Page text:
GameStop Meme Stock Forum Founder Sues Reddit

GameStop Meme Stock Forum Founder Sues Reddit

In early 2021, the subreddit WallStreetBets became famous for jumpstarting the meme stock craze that saw companies like GameStop balloon in value despite shrinking revenues. Now its founder, Jaime Rogozinski, is suing Reddit for kicking him out of the community just prior to its explosion in popularity over allegations he was using the online forum to try and enrich himself. It’s a fitting twist for one of the most absurd internet sagas in recent history.

“By early 2020, WallStreetBets had grown to more than 1 million subscribers, earning recognition from the financial press. This is what winning looks like,” states Rogozinski’s trademark infringement lawsuit, filed on February 15 in the Northern District Court of California, states. It goes on to allege that Reddit banned him from the platform for trying to “monetize the community” only after he filed trademark protection for the WallStreetBets brand.

WallStreetBets, whose slogan is “Like 4chan found a Bloomberg terminal,” has grown to over 10 million users since some of its users, like Keith “deepfuckingvalue” Gill, made millions off of hyping up the case for investing in dying companies like GameStop. The video game retailer’s stock went from a few bucks to over $100, some big hedge funds lost tons of money, and the subreddit leading the charge grew to be ranked 25 among all of Reddits forums.

A screenshot shows a WallStreetBets Reddit post about buying a Time Square billboard for GameStop meme stock.

Rogozinski was excommunicated from WallStreetBets the year before all that happened, and despite apparent movie deals is now trying to re-enter the picture through the courts. A spokesperson for Reddit called Rogozinski’s lawsuit “frivolous” in a statement to Reuters. “Jamie was removed as a moderator of r/WallStreetBets by Reddit and banned by the community moderators for attempting to enrich himself,” they said. “This lawsuit is another transparent attempt to enrich himself.”

Rogozinski sees things differently. Here’s an excerpt from Rogozinski’s lawsuit, hackneyed ‘80s film references and all:

On Reddit, just about everyone, to include aspiring pornographers and scam artists, can find a place, everyone that is except Mr. Rogozinski. Mr. Rogzinski’s true offense was trying to control the brand he created in the first place, a famous brand that helped Reddit ride to a $10 billion valuation. Reddit filed several applications with the United States Patent and Trademark Office to register WALLSTREETBETS as its mark, and aggressively opposed Mr. Rogozinski’s application.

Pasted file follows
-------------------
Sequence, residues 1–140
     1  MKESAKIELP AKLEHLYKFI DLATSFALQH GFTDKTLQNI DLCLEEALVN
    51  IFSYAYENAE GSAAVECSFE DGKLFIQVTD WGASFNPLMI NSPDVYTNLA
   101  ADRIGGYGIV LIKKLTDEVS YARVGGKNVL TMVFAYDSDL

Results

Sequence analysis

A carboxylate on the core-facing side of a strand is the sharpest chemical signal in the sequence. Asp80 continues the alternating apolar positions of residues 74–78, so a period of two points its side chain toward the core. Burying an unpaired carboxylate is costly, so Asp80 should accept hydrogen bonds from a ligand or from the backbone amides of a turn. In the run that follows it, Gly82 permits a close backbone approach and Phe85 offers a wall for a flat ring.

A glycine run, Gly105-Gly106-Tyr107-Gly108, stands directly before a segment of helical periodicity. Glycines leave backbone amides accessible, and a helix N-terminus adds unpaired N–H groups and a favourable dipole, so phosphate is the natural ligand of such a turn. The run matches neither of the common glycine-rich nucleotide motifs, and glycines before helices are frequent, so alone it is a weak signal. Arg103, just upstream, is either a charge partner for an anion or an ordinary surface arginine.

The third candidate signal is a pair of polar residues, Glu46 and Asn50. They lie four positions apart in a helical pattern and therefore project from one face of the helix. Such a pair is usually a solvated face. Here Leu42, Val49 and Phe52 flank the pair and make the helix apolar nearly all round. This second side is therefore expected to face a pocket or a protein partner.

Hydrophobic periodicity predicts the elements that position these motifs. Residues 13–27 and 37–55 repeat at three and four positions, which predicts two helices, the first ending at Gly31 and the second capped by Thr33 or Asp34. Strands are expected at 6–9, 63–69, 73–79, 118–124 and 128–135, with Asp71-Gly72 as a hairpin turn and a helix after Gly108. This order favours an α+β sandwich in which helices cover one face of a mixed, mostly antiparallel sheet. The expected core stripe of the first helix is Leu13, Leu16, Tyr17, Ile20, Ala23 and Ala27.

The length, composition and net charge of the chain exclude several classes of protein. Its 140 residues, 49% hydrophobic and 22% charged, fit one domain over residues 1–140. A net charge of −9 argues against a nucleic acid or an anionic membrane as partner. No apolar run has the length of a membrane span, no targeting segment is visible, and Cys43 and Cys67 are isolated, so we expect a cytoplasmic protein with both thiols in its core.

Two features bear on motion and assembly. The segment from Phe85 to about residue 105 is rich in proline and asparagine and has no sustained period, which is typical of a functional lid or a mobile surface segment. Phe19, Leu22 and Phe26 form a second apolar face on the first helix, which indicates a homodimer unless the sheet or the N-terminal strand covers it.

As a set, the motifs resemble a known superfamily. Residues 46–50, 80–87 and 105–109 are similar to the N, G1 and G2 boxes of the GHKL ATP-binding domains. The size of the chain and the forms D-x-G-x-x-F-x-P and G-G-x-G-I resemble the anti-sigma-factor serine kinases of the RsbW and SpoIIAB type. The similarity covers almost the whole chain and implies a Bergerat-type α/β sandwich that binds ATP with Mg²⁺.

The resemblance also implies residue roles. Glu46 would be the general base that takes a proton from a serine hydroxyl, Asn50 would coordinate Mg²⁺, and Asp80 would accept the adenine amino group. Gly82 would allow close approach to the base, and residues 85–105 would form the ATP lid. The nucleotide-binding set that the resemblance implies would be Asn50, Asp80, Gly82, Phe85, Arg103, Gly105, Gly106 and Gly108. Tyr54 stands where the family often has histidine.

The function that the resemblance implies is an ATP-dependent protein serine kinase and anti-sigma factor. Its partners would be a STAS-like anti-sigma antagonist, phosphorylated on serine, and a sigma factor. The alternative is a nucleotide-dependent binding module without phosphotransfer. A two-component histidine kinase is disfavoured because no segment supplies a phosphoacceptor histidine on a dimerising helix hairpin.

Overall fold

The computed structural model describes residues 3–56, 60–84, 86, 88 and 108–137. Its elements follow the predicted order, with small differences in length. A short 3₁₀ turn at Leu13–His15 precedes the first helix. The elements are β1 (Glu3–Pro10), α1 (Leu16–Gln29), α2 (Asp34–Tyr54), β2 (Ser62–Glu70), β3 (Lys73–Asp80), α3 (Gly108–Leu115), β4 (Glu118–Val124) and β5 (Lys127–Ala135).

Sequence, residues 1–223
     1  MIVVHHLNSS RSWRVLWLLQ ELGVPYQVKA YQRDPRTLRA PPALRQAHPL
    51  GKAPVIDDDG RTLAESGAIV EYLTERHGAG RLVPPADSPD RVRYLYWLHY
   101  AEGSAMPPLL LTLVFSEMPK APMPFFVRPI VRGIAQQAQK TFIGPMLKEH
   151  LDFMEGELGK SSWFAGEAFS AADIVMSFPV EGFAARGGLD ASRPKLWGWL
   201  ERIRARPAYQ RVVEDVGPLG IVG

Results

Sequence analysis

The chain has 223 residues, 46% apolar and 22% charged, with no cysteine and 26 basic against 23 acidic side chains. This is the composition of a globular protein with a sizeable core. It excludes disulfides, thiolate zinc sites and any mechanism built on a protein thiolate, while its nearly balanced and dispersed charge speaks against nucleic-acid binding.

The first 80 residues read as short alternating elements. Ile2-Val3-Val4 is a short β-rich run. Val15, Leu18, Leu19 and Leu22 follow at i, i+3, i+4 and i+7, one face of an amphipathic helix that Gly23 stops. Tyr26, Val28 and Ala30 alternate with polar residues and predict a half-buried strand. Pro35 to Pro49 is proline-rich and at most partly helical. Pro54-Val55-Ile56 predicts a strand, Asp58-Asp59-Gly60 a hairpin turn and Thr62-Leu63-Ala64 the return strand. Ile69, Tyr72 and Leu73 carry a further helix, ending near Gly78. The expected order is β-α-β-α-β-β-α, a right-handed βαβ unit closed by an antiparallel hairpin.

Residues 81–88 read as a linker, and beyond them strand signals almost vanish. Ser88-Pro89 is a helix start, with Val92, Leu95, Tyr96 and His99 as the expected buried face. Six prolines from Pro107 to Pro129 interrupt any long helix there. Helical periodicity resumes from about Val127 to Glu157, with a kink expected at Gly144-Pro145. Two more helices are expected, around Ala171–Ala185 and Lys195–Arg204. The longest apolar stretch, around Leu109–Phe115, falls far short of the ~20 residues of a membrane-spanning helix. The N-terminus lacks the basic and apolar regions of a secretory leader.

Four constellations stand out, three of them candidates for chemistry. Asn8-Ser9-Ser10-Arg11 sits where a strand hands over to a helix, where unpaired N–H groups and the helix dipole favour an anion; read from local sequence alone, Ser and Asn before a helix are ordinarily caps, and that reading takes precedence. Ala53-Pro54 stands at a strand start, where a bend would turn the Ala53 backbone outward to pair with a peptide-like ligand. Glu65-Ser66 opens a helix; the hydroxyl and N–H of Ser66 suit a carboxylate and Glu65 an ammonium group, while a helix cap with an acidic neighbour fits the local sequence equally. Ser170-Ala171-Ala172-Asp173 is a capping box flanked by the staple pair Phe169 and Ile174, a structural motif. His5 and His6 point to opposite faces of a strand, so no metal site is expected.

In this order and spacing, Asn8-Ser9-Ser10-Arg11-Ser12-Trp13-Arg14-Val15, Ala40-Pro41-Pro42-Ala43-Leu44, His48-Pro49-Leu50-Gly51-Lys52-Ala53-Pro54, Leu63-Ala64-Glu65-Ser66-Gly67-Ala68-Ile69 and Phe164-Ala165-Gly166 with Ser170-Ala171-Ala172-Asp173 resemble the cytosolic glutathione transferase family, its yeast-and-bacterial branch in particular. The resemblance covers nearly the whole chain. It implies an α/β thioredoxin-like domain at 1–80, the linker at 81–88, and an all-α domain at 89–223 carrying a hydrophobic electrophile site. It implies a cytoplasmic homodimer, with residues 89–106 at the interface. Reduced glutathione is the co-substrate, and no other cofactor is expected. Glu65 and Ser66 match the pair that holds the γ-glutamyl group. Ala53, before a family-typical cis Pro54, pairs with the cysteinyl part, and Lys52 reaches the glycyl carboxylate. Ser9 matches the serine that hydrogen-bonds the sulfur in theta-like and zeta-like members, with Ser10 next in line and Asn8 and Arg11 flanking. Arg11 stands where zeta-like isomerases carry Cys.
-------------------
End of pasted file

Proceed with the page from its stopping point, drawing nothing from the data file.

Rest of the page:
“If you build it, they will come,” entrepreneurs tell themselves, drawing inspiration from the protagonist-farmer’s walk through an Iowa cornfield in the 1989 film Field of Dreams. Reddit’s dreams, however, turned out to be Mr. Rogozinski’s nightmare as the company insists, “if you build it, we will take it from you.” While other social media platforms endeavor to compensate their content creators, Reddit works to capture, take credit for, and monetize other people’s creations. Reddit says it is all-in on social justice while at the same time engaging in systematic, calculated exploitation by asserting trademark rights over brands innovators built on the platform, and then using those trademarks to secure financing. Mr. Rogozinski is just the latest victim of Reddit’s unfair and deceptive practices.

Mr. Rogozinski never asked to be treated like this.

In an interview with The Wall Street Journal today, Rogozinski said he created WallStreetBets to have a place to talk about investing more like gambling, and that it grew in popularity thanks to stock brokerages marketing zero-commission trading to regular people. He claims the only monetizing he ever did was occasionally plug his book titled WallStreetBets and promote a live trading competition sponsored by True Trading Group.

Whether technically a violation of Reddit’s rules against “agreements with third parties on behalf of a subreddit” or not, it was a clear mismatch for the increasingly internet-pilled vibe of the subreddit, and it’s not looking for him to come back anytime soon. A moderator told The Wall Street Journal, “WallStreetBets has become incredibly vibrant and more intelligent since [Rogozinski] left.”


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